“It is only the dose which makes a thing poison.”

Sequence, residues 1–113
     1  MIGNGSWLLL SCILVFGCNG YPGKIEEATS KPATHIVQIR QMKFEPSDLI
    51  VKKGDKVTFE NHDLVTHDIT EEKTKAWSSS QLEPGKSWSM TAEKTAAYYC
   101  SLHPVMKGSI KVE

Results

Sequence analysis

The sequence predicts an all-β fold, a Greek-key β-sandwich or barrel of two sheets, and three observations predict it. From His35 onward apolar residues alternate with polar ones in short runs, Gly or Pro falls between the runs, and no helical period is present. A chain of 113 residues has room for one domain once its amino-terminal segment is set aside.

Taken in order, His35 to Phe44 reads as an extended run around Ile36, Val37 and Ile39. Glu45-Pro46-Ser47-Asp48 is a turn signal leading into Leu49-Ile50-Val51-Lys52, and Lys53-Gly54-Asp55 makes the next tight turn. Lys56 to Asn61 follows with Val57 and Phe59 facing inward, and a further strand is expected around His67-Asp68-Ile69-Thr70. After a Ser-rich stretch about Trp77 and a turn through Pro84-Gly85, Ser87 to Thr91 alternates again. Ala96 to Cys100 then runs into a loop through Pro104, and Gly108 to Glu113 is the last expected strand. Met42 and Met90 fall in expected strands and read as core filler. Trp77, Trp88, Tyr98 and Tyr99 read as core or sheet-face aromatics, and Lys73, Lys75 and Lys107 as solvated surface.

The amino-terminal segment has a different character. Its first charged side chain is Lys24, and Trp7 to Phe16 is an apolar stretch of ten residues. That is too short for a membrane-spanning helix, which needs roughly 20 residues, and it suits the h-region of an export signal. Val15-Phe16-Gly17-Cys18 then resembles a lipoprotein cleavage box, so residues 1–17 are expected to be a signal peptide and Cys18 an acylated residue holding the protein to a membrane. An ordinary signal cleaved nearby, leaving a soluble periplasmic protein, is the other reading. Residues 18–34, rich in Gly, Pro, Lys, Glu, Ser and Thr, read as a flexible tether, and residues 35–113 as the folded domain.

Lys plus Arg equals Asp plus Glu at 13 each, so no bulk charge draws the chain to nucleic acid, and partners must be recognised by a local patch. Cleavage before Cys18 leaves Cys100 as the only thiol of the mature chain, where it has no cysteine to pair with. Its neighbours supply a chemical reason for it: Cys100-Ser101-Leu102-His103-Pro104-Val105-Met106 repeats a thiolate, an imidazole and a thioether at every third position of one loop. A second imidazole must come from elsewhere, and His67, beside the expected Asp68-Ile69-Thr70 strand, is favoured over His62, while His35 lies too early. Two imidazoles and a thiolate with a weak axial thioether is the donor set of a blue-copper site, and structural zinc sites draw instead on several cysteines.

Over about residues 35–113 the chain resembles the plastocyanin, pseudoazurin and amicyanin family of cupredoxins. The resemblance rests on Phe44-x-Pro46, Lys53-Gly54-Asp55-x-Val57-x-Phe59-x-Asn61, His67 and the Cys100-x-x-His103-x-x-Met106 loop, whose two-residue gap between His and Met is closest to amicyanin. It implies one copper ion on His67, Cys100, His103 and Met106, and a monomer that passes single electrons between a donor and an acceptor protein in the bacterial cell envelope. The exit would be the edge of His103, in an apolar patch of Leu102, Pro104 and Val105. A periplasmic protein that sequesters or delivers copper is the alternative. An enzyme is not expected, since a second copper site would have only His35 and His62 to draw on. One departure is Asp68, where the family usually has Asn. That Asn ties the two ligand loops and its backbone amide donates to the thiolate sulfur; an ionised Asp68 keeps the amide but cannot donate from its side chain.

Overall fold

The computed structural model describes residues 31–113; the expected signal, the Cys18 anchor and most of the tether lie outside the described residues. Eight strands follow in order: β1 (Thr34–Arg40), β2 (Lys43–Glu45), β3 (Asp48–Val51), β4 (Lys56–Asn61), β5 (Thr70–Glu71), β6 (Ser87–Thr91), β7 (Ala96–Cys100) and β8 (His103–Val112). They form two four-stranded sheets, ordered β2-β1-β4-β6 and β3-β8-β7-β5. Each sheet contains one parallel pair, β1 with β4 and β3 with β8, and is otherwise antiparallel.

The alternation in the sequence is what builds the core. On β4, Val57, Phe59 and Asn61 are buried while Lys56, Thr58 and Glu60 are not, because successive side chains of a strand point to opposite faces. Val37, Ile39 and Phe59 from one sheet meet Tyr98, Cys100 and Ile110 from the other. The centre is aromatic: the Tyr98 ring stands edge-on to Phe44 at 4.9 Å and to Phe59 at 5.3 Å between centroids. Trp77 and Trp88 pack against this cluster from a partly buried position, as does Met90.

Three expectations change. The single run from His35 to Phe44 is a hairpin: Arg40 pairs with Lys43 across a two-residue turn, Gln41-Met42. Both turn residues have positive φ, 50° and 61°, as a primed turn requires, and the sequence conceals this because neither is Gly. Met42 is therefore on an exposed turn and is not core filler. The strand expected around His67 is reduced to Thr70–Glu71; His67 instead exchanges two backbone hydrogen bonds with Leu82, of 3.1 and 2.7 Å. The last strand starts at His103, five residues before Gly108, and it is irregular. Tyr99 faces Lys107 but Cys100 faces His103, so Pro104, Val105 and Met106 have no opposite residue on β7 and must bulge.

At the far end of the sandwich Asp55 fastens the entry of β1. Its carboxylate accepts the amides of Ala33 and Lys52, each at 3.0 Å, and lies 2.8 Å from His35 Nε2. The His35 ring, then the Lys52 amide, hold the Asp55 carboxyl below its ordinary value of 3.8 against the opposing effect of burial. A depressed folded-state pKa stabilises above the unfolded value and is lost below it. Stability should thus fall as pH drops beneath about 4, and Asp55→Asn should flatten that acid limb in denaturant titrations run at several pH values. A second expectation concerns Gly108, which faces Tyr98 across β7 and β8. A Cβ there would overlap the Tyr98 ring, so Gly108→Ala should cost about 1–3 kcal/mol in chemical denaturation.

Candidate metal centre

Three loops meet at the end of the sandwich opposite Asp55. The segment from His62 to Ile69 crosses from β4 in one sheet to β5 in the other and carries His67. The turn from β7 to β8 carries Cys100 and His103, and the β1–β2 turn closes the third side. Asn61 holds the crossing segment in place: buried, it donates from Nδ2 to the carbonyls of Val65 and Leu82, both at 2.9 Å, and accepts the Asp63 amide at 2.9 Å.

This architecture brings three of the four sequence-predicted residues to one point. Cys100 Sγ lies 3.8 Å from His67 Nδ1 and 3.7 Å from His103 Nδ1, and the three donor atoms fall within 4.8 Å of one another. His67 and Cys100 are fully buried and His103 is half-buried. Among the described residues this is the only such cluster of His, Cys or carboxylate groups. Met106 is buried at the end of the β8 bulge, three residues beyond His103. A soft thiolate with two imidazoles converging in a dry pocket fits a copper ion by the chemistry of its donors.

A fundamental tenet of toxicology is that “the dose makes the poison.” Federal Judicial Center, Reference Manual on Scientific Evidence, Reference Guide on Toxicology 403 (2000). Thus, in toxic tort cases, courts routinely require plaintiffs to demonstrate not just some exposure to an alleged harm but “evidence from which the trier of fact could conclude that the plaintiff was exposed to levels of toxins sufficient to cause the harm complained of.” Wintz v. Northrop Corp., 110 F.3d 508, 513 (7th Cir. 1997); Wright v. Willamette Indus., Inc., 91 F.3d 1105, 1107 (8th Cir. 1996). In fact, “[d]ose is the single most important factor to consider in evaluating whether an alleged exposure caused a specific adverse effect.” David L. Eaton, “Scientific Judgment and Toxic Torts: A Primer in Toxicology for Judges and Lawyers,” 12 J.L. & Pol’y 5, 11 (2003). This article addresses some recent cases that several courts have issued, offering a consensus that no matter what the plaintiff’s expert in an asbestos case calls it, the “every exposure” opinion should be excluded because it lacks a sound toxicological basis and there is no reliable scientific methodology employed in reaching it.